The girl’s eventual conversion is thus in part comparable to Dropout’s decision of fighting for Raven as both are triggered by a evaluation within the characters which is so strong that it causes them to redefine their identity and embrace it. In “Captivity’ (Louise Reedier 9), Reedier chronicles the captivity of Mrs.. Mary Rowland the Woman’s Indians. Although initially shocked and appalled by the barbaric behavior of the captors, the character eventually begins to adopt their way of life, most probably in order to preserve her life.

Through time, she began to find herself embracing the captors’ way of life. However, before she had fully converted into an “Indian”, she is confronted by her sat God (Rowland reveals that she was Puritan) to be reminded of her past identity and was “rescued” from the captors. But she was unable to fully revert back to her past self and longed to return to the wild as expressed in the poem “Rescued, I see no truth in things. My husband drives a thick wedge through the earth, still it shuts to him year after year” and “l stripped a branch and struck the earth, in time, begging it open to admit me… Similar to the situation in Forges’ story, the Indians’ way of life had moved something deep within the characters, and they had redefined homeless as a result. The two stories also Juxtapose nature against civilization to create certain perspectives on each domain. In these stories, nature can either be seen as a place of freedom, a sanctuary of life (as seen by the Indian girl), or it can be seen as a place of savagery, a domain of brutality and death. Civilization on the other hand, can be seen as captivity, the incarceration of one’s free will and movement, or it art (as seen by Troubled).

The ape on the other hand, is unique as it sees the two domains in all the forms described above, yet is unable to decide the domain in which it belongs. Perhaps a clearer idea of the dilemma between freedom and civilization can be understood through a passage from Sigmund Fraud’s writings: The liberty of the individual is no gift of civilization. It was greatest before there was any civilization, though then, it is true, it had for the most part no value, since the individual was scarcely in a position to defend it.

The development of civilization imposes restrictions on it, and Justice demands that no one shall escape those restrictions. What makes itself felt in a human community as a desire for freedom ay be their revolt against some existing injustice, and so may prove favorable to a further development of civilization; it may remain compatible with civilization. The urge for freedom, therefore, is directed against particular forms and demands of civilization or against civilization altogether. Sigmund Freud 82) Nature on the other hand, offers unrestricted freedom, although the value of the freedom is diminished as there is little safety in the wild for an individual to enjoy it. It should be noted that although physical freedom is lost in civilization, it is compensated by a spiritual redeem. In the safety of civilization, humans are free to pursue those which brings fulfillment to their souls be it art, religion or other forms of expressions. These pursuits will either be futile or ridiculous in the wild where there is constant danger from the surrounding.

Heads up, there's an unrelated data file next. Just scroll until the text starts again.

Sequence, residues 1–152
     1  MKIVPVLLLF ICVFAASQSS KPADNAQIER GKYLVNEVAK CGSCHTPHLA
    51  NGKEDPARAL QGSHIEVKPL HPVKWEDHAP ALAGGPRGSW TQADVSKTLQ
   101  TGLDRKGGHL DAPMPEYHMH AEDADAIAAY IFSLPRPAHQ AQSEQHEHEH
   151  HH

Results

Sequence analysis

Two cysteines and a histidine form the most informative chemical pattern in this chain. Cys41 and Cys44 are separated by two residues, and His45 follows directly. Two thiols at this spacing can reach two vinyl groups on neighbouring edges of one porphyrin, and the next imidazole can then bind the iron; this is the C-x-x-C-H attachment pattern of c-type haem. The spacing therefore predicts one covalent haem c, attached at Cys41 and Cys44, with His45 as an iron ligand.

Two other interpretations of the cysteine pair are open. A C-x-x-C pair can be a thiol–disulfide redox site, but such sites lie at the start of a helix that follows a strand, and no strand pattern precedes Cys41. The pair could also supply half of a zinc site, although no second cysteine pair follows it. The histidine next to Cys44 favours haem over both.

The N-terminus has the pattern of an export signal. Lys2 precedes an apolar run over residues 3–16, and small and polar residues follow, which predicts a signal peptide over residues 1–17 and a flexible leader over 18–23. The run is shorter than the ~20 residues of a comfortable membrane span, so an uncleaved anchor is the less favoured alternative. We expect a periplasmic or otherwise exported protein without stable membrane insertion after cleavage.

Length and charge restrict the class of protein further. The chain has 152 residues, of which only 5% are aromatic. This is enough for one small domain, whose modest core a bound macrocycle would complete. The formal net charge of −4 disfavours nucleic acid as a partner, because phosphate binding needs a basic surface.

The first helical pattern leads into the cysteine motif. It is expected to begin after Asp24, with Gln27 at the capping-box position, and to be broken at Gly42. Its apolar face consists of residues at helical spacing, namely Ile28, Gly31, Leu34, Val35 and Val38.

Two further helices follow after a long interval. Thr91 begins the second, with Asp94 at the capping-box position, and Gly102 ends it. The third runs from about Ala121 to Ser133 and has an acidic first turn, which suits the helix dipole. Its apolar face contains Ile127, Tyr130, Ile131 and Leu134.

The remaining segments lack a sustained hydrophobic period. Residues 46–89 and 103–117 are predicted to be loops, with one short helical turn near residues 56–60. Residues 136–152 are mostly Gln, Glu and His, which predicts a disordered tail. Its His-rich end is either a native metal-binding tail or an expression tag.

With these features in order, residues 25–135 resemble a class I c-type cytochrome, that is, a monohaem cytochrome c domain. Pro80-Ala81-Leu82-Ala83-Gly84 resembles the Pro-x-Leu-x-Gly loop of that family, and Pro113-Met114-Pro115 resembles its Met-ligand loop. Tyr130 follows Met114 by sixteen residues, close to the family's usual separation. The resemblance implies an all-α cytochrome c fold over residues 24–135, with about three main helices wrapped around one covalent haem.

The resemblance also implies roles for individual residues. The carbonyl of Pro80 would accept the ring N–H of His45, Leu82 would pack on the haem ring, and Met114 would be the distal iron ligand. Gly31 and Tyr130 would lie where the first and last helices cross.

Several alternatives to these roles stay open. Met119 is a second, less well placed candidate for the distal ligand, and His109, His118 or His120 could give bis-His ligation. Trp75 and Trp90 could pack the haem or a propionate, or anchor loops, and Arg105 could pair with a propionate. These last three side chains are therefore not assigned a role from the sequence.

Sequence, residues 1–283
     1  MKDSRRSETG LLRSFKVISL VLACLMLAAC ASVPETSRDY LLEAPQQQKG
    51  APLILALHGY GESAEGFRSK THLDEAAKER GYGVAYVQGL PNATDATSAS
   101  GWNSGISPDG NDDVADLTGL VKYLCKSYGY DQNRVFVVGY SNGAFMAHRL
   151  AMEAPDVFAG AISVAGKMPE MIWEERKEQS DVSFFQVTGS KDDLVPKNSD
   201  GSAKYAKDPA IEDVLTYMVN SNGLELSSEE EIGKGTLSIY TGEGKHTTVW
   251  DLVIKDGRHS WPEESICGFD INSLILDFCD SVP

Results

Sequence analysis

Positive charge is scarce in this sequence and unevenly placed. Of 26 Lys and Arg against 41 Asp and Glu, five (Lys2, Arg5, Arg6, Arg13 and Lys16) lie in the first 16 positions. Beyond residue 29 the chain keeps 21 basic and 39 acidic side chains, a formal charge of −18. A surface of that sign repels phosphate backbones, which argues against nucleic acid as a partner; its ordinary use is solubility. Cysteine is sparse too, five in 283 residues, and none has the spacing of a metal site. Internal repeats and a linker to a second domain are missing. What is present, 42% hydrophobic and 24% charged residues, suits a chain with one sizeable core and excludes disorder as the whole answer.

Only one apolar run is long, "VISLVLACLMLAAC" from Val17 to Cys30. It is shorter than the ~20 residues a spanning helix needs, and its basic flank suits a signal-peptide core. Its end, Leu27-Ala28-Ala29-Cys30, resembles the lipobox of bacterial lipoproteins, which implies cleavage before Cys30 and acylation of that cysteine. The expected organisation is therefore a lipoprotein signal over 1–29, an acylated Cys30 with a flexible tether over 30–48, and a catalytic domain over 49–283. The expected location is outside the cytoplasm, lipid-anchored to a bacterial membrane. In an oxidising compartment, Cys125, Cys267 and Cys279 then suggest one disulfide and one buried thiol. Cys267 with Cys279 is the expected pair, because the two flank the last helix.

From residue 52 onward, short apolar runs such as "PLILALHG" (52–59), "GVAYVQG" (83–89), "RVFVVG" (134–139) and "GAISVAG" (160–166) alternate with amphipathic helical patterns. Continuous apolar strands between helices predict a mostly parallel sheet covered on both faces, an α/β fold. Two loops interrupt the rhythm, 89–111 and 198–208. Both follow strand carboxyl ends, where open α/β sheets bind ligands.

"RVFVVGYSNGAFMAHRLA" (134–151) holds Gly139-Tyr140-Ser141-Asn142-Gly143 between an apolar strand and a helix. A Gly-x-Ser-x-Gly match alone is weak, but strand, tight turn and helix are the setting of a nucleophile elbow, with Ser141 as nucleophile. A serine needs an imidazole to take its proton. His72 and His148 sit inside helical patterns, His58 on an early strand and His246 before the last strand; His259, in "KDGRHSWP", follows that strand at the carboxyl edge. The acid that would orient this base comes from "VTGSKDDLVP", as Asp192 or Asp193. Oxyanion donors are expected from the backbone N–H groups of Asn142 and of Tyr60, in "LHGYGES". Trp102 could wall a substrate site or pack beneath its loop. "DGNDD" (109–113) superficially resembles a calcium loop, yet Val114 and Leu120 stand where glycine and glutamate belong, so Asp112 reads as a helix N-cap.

Despite the safety and spiritual freedom, individuals tend to yearn for the wild at times; this could be due to our long ancestry in the wild. As Freud mentions in the same paragraph, It does not seem as though any influence could induce a man to change his nature into a termite’s. No doubt he will always fend his claim to individual liberty against the will of the group . (Sigmund Freud 82) The book “Into The Wild” shows an example in which civilization is seen as a prison. It chronicles the life of Christopher Mishandles.

Mishandles was a stellar student from Emory University. However, after his graduation in 1990, he abandoned his comfortable lifestyle to venture into the wild Non Krause)ii. Similar to Mishandles, many people live their life fantasizing about venturing into the wild. To understand why this might be, perhaps one can refer to two lines from the book Feeling, Being, and The Sense of Self Summary’ that reads: I saw that the more deeply Rachel experienced things, the more real and true they felt to her, and the more certain she was about them.

The times that Rachel felt that she was more truly “herself” were those which, at the same time, paradoxically, she had little or no sense of “l’ (Marcus West 10). These lines elucidate that an individual senses his/her true self not through thought process, but through constant experience of actions. There is a constant need for action and reaction in the wild due the dangers that rounds, and this might be the reason why individuals yearn to return to nature.

Each story by Forges and Kafka is a masterpiece, but the sum of value in considering the two stories together far exceeds that of each story alone. There is an unrivaled beauty in the two authors’ creationsвЂ?characters that are similar in many facets yet different in many others, characters that drive readers to ponder of the universal notion of self-identity and the roots from which it had sprouted. The stories weave the causation, the current state, and the perceptions regarding self-identity so that